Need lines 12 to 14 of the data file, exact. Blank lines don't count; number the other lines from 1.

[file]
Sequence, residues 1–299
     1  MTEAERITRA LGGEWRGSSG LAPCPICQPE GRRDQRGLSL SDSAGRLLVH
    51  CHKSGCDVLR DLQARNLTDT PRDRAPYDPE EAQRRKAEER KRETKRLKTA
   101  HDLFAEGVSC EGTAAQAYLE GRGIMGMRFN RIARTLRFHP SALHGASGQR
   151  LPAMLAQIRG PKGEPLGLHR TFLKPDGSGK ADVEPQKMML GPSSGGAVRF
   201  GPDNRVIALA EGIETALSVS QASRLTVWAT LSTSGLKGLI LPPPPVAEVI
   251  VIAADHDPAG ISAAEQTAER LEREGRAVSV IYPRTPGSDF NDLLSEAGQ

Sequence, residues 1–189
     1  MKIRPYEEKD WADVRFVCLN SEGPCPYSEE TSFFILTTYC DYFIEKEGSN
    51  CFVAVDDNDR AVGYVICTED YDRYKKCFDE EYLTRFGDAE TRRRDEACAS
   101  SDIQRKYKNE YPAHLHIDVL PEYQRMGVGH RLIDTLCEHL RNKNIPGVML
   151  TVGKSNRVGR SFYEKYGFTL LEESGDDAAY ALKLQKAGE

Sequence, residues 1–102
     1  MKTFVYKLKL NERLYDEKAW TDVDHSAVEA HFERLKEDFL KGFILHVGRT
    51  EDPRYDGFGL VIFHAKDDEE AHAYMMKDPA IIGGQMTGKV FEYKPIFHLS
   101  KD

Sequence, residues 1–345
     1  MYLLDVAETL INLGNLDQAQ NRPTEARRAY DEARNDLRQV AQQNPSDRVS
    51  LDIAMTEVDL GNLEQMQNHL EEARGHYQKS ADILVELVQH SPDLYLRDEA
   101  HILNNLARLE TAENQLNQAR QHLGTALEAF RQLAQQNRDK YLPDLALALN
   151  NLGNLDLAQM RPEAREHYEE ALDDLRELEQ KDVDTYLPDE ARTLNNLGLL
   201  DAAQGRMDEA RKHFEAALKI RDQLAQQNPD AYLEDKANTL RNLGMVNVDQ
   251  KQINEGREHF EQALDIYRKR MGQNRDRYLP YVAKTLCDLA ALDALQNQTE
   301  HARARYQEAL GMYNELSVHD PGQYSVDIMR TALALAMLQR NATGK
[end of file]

   151  TVGKSNRVGR SFYEKYGFTL LEESGDDAAY ALKLQKAGE

Sequence, residues 1–102
     1  MKTFVYKLKL NERLYDEKAW TDVDHSAVEA HFERLKEDFL KGFILHVGRT